What causes dehydration in dogs?FamilyPet
When a dog loses 10 percent of his fluid, he needs to be taken to the veterinarian immediately because it’s a serious medical condition.
Dogs’ bodies are at least 80 percent water. It is essential to both animals and humans, transporting nutrients, removing toxins and aiding various body systems, such as digestion and circulatory. When dehydrated, if left untreated, it can lead to dangerous complications such as organ failure and death.
In order to prevent dehydration, it is important to understand how and why it occurs in dogs. Dehydration occurs after an extreme loss of bodily fluids. The essential minerals called electrolytes are depleted from the body. Dogs do not have sweat glands to cool them off like humans do. To relieve themselves from heat, they pant to regulate their body temperature. But the process of panting results in a rapid loss of bodily fluids, which will result in dehydration if the electrolytes do not get replaced.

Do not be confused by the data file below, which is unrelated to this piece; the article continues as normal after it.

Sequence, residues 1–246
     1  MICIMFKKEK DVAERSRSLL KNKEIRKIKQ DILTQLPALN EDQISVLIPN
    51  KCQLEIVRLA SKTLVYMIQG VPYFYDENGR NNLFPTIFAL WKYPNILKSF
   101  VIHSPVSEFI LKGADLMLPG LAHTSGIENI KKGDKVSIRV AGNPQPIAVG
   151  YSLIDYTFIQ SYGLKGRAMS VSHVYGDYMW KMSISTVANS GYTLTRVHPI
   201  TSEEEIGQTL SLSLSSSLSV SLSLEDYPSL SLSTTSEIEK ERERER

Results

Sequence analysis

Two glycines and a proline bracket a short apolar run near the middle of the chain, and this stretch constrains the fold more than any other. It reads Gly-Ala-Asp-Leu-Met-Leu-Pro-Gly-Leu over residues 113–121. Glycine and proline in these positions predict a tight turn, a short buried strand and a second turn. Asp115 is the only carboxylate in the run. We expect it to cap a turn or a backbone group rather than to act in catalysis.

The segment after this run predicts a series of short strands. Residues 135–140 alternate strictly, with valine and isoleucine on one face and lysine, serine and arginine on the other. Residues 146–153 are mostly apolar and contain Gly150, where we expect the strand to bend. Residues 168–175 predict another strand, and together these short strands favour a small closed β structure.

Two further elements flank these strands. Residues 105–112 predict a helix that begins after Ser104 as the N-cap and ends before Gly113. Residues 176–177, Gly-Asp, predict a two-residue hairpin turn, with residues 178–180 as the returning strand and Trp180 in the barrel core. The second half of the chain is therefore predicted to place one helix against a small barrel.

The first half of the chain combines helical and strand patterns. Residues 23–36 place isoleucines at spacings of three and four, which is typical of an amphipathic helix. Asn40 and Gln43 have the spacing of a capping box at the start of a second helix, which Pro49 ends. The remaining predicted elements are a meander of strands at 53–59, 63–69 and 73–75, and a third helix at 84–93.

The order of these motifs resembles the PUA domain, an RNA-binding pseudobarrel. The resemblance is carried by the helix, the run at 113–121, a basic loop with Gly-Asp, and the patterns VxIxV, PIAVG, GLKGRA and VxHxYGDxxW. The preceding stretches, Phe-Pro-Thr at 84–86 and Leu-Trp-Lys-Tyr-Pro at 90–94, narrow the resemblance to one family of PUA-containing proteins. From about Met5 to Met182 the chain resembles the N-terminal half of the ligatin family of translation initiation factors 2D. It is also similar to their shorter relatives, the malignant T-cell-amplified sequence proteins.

Dogs get also become dehydrated from urinating, an illness or injury—and it happens very fast. Even a few hours of not eating or drinking because of vomiting or diarrhea can result in a trip to the vet for subcutaneous (water under the skin) treatment. Diabetes often causes frequent urination; similarly, your dog might take diuretics for a kidney problem.
Here’s a list of some of the things that can cause dehydration:
Not drinking enough water
Different types of illnesses (such as diabetes and kidney)
Recuperating from surgery
Overexposure to heat (especially heatstroke, a very real concern, especially if you live in a hot climate.)
Lack of desire to eat or drink water
Stress, excessive panting and drooling can lead to fluid loss
General symptoms of dehydration include: sunken eyes, lethargy, appetite loss, dry mouth, depression and lack of skin elasticity. However, you’ll also need to be mindful of other things; for instance, heat stroke is a big cause of dehydration so, especially if you live in a hot climate, know those symptoms: Excessive panting, hyperventilation, increased salivation, dry gums that become pale, grayish and tacky, rapid or erratic pulse, weakness, confusion, inattention, vomiting; diarrhea; and possible rectal bleeding